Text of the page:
Many homes in Boise, Idaho have in-law units or other accessory dwelling units that are used as home offices, fitness rooms, theater rooms, and more. In these environments, having electrical sub-panels installed is important for a variety of reasons. Read on to find out what residential electrical sub-panels are and why they matter.
What Is a Residential Electrical Sub-Panel?
The main circuit breaker box or the main sub-panel in your home is the heart of your electrical system. This is where power enters your home from your utility company and gets distributed to individual branch circuits. The circuit breaker box prevents electrical overload and disrupts the power supply when various hazards exist. To resolve tripped circuits, you have to physically visit this main breaker box and reset them as needed. This can prove problematic in larger homes and buildings with separate dwellings. For instance, if you have an in-law unit that you’re renting out, everyone in the building might be using the same panel for all of their electricity needs.
Residential electrical sub-panels solve this and many other problems. They don’t add more power to homes. Instead, they divide the existing power supplies up so that circuits for separate areas can be controlled individually. You might add a sub-panel to an attached rental unit so that your tenants don’t have to bother you every time they trip a circuit. A sub-panel acts as a satellite circuit breaker panel.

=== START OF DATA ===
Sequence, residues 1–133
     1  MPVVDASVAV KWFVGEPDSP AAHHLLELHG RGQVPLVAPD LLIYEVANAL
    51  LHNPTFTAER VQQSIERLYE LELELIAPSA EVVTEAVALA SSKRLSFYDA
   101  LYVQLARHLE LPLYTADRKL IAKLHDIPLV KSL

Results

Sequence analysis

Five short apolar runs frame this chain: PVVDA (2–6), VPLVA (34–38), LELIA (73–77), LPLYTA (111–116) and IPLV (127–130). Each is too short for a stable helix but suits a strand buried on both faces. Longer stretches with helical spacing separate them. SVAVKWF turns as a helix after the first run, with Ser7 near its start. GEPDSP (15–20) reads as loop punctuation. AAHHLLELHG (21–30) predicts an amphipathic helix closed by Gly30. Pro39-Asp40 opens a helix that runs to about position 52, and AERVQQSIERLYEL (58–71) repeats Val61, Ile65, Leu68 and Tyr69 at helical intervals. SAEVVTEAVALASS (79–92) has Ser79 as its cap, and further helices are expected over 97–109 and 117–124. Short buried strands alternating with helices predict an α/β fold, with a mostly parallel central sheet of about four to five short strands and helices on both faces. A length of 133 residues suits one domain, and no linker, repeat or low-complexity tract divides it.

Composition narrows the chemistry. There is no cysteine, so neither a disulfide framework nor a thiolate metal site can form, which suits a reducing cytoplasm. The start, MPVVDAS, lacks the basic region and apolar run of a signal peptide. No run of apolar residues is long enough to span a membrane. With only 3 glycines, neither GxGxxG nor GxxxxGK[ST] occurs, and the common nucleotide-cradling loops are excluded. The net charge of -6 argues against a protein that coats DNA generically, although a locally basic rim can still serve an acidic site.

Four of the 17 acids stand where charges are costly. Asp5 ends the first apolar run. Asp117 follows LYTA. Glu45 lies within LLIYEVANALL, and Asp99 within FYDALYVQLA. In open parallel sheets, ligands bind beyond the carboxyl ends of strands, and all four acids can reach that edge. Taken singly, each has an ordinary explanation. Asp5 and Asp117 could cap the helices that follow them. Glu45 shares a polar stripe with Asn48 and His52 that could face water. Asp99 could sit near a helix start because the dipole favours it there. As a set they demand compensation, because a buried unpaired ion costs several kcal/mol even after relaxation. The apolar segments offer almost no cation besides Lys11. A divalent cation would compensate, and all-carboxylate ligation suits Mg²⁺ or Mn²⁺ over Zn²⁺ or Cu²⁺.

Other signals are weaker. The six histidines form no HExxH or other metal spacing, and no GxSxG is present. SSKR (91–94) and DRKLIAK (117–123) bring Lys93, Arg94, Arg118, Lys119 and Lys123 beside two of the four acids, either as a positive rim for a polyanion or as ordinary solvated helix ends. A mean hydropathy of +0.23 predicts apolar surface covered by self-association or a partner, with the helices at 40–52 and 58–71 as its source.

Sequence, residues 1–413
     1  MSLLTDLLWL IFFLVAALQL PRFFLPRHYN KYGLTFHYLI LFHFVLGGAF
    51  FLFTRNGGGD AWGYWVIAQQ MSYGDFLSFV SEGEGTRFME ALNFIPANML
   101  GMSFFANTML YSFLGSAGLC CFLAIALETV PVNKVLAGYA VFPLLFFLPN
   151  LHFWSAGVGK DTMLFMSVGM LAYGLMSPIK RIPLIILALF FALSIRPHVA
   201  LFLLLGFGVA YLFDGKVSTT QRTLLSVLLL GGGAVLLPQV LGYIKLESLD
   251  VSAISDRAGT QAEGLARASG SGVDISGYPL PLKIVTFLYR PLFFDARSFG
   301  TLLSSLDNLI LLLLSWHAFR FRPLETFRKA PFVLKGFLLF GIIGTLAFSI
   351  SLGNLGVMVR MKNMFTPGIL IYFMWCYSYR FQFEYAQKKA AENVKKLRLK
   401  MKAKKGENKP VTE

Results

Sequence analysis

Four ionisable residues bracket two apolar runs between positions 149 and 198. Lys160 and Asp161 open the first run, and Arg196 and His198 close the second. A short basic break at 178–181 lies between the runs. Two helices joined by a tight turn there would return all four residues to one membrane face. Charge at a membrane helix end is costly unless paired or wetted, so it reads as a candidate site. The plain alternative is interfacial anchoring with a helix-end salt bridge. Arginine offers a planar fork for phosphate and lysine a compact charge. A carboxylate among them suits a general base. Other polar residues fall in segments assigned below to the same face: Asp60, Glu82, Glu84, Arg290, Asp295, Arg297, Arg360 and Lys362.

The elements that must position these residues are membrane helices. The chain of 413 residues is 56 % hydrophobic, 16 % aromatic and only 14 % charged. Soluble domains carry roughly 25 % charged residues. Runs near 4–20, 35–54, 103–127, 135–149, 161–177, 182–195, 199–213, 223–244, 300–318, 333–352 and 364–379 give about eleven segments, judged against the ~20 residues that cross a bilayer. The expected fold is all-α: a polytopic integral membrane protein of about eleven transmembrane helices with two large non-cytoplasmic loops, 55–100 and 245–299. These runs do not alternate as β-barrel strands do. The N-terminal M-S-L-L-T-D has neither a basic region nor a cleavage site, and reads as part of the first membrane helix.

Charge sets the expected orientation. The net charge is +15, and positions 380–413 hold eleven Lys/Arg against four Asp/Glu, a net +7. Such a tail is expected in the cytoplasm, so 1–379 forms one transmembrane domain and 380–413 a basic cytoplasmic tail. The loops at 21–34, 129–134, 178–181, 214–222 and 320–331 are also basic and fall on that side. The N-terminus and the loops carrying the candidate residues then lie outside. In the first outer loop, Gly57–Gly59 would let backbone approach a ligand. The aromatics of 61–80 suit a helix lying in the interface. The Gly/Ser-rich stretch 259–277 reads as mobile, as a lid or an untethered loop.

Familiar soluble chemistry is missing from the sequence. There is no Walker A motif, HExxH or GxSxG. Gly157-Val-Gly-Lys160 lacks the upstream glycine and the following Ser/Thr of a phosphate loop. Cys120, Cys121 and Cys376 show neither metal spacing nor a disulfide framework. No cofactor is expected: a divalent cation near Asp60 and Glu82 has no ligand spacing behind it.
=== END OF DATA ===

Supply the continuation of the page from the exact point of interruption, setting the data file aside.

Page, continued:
The Basic Structure of an Electrical Sub-Panel
Although slightly smaller, residential electrical sub-panels look a lot like main circuit breaker boxes. They have circuit breakers and bus boxes that are fed by the main feeder wire and branch wire circuits that originate at the main breaker box. The 240-volt double-pole breaker wire that travels from the main breaker to the sub-panel is split into individual branch circuits that control each electrical service area. A sub-panel covers the electrical supply for a limited amount of space. For instance, you might install a sub-panel for your home theater, finished basement, attic bedroom, or garage just as you might install one for an in-law unit.
Like main circuit breaker boxes, electrical sub-panels are subject to local building codes and the National Electric Code (NEC). These units must have a minimum amount of clearance around their perimeter. Thus, they cannot be installed too close to the ceiling or floor, too near adjacent walls, or too close to in-wall electrical features. Per the NEC, residential electrical sub-panels require at least 30 inches of clearance across their faces, and they must be installed at least 78 inches above the flooring.